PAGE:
Citing flagrant abuse of government funds, a Miami congressman published legislation Tuesday to stop automatically granting Cubans in the U.S. welfare benefits that take most immigrants of other nationalities years to obtain.
Republican Rep. Carlos Curbelo, himself a Cuban American, filed a bill to amend existing federal law that treats all Cuban arrivals as refugees or political asylees -- meaning they are entitled to food stamps, Medicaid, disability insurance and other assistance.
Under his proposal, which Curbelo cast as a matter of fairness, Cubans would be treated like immigrants from most other countries, who are required to file a refugee or asylum claim -- and wait years for it to be approved -- before qualifying for special benefits. Only Haitian immigrants, already treated like Cubans under the Refugee Education Assistance Act of 1980, would continue to be exempted upon legal arrival in the U.S.
"Cubans coming to the United States will have the same opportunity as immigrants from other nations like Colombia, Venezuela, Peru, Central America -- from any country -- to work and earn an honest living while contributing to our great nation," Curbelo said in a web video released Tuesday to explain his proposal. "Like asylum seekers from all over the world, those Cubans seeking public assistance benefits will have to demonstrate that they left Cuba fleeing political persecution and are unable to return under the current totalitarian regime."
His proposal would affect only Cubans who immigrate to the U.S. after his law is passed. The bill would also require the Obama administration to verify the residency of Cubans receiving federal benefits, to weed out those getting the assistance while living in Cuba.
Curbelo's three-page legislation doesn't touch the Cuban Adjustment Act, the 1966 law that gives Cubans the privilege of applying for permanent residency after 366 days in the U.S. They would still qualify for all eligible federal benefits as residents and, later, citizens.
But Curbelo acknowledged his legislation, HR 4247, dubbed the "Cuban Immigrant Work Opportunity Act of 2015," is a "first step" toward rewriting U.S.-Cuba immigration policy, which would eventually involve tackling the CAA. The freshman congressman has separately been working for months on legislation to crack down on so-called economic refugees from Cuba who claim U.S. residency, established for victims of political persecution, only to travel to the island before becoming U.S. citizens.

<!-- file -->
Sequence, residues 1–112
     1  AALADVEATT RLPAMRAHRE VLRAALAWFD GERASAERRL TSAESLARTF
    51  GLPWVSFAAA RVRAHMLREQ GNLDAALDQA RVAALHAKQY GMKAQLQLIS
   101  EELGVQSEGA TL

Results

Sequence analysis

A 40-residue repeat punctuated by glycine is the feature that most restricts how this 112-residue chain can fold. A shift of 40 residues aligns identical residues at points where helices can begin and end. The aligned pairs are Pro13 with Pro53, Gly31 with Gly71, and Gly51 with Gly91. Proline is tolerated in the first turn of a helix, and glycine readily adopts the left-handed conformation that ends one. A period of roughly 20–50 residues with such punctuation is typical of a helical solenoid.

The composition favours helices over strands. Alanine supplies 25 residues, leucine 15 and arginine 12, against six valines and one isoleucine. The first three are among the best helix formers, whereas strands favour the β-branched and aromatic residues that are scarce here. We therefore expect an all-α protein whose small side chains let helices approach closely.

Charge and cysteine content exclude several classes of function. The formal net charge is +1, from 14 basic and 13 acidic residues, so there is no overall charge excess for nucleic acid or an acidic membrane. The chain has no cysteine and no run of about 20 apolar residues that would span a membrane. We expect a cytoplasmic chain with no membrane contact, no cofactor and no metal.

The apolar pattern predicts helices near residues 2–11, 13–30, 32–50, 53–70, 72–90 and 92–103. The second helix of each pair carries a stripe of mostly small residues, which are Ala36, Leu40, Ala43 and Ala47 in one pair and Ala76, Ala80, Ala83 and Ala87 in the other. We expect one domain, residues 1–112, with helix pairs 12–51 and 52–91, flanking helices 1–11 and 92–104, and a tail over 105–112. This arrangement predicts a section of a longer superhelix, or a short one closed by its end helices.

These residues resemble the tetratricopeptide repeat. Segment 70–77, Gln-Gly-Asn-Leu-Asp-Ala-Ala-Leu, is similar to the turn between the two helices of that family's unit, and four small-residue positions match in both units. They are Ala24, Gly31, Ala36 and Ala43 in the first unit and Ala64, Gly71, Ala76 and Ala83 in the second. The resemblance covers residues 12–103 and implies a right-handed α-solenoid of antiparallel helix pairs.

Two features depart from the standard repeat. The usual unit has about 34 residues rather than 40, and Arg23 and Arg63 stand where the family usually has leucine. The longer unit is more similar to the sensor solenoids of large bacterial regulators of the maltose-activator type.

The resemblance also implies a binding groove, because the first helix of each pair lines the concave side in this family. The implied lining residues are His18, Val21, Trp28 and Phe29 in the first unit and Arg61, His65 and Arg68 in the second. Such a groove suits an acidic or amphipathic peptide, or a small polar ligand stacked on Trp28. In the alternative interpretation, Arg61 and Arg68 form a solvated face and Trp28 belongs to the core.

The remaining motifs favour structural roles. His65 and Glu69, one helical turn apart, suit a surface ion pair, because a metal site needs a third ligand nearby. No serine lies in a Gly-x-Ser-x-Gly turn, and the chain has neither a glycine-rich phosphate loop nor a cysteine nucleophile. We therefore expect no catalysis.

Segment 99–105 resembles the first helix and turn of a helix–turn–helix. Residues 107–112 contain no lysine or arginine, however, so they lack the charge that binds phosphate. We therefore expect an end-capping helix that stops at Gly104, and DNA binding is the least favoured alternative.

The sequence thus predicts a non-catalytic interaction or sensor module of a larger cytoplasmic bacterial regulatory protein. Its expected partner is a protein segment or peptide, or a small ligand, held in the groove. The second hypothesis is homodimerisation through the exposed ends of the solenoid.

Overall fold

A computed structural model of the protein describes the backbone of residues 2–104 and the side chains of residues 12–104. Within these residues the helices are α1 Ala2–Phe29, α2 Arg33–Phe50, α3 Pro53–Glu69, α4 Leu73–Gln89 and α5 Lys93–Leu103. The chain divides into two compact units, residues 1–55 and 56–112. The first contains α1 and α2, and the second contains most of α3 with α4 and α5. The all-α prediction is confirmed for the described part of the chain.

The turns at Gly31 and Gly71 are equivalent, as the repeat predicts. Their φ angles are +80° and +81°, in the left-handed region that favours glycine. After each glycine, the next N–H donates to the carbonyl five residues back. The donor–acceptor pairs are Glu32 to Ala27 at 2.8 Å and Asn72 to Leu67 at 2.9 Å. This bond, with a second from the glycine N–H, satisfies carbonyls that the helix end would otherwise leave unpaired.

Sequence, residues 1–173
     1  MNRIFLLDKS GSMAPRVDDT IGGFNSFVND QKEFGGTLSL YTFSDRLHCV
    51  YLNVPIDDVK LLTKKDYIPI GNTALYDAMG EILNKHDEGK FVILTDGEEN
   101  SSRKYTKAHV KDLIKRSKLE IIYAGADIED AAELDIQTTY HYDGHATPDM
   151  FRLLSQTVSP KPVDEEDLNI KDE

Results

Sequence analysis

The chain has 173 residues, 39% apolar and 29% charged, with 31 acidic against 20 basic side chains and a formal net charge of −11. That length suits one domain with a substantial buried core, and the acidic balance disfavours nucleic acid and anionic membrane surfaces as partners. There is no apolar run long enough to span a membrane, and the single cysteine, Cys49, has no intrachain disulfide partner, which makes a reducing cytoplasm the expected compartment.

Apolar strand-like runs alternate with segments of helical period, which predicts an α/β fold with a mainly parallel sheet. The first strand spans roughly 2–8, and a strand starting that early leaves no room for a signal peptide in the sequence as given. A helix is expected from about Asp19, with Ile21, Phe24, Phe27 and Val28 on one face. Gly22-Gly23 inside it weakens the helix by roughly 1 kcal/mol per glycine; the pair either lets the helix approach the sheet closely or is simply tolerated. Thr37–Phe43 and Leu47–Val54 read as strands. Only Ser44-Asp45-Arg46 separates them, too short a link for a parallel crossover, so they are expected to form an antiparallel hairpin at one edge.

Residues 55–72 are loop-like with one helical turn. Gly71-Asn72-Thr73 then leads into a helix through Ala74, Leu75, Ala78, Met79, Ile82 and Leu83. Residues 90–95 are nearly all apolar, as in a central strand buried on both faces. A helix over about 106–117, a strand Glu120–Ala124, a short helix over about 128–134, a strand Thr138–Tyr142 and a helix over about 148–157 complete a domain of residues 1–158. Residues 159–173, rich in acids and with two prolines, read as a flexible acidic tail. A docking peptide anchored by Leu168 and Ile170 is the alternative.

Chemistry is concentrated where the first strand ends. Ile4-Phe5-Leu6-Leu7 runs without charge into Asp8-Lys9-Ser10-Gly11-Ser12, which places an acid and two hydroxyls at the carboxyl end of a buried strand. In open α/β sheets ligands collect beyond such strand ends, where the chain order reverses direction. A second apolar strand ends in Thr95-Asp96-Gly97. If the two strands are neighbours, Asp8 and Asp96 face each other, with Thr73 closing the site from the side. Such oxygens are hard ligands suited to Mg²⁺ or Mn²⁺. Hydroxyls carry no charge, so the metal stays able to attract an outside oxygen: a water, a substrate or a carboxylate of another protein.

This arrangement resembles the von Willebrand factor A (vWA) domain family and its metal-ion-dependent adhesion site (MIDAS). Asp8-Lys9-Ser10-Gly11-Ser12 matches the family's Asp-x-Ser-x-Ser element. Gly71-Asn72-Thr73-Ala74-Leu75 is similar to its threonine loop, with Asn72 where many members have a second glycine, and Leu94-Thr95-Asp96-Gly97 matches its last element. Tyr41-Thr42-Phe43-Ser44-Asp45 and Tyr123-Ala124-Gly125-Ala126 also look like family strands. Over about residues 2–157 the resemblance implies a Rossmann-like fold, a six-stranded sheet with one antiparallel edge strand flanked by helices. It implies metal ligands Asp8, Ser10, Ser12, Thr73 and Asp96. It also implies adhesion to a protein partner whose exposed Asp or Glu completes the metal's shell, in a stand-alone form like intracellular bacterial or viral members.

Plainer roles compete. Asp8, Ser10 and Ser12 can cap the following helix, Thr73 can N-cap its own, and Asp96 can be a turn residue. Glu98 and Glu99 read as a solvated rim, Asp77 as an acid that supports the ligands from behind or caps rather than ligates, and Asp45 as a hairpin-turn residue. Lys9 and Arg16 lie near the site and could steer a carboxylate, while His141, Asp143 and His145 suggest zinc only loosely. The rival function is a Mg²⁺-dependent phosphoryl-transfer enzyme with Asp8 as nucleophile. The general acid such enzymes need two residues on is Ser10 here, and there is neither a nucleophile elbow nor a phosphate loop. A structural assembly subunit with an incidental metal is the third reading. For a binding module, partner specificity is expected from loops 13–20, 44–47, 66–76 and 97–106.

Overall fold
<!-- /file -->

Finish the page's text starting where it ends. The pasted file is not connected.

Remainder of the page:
"There are numerous abuses in relation to our U.S.-Cuba immigration policy," Curbelo said in an interview with the Miami Herald. "I consider this an important first step in starting to end those abuses, but there are others. Certainly we're all familiar with the arguments that people who are adjusting under the Cuban Adjustment Act -- the spirit of the law is that they're all refugees and asylees, yet they travel back and forth to Cuba."
Curbelo disagrees with President Barack Obama's renewed diplomatic relations with Cuba, saying the move pushed thousands of Cubans to leave the island in the past year, many of them getting stuck in Central America as they tried to trek to the U.S.-Mexico border.
"Our Cuba immigration policy is flawed, and the Administration has made matters worse by recognizing the Cuban dictatorship as a legitimate government," he said in a statement.
South Florida's powerful Cuban-American community, whose members have benefited directly or indirectly from the law, has long protected the CAA. But Miami's Cuban Americans began questioning the policy in recent years as Cuban immigration has shifted and become more similar to immigration from other countries. Curbelo pledged to tighten the law in his 2014 campaign; political calls to deal with the CAA only increased after Obama's policy change a year ago, and after the Sun Sentinel documented widespread CAA abuses.
In October, Rep. Ileana Ros-Lehtinen, R-Miami, told Herald news partner WFOR-CBS 4 that, if the law was done away with, "it wouldn't break my heart." Rep. Mario Diaz-Balart, R-Miami, told the Sun Sentinel in February that the CAA is "ripe for reform." And Sen. Marco Rubio, who is running for president, told the Herald in a November statement that Congress should "eliminate the loopholes being exploited by those who abuse U.S. law."
None wants to repeal the law outright, as proposed in October by Rep. Paul Gosar of Arizona. That legislation hasn't gotten traction yet in the House Judiciary Committee.
Speaker Paul Ryan has vowed not to take up immigration legislation, which has harshly divided House Republicans. Curbelo is pitching his legislation as a budgetary bill headed to the House Ways and Means Committee and intended to save the government money. The Congressional Budget Office has yet to issue a savings estimate.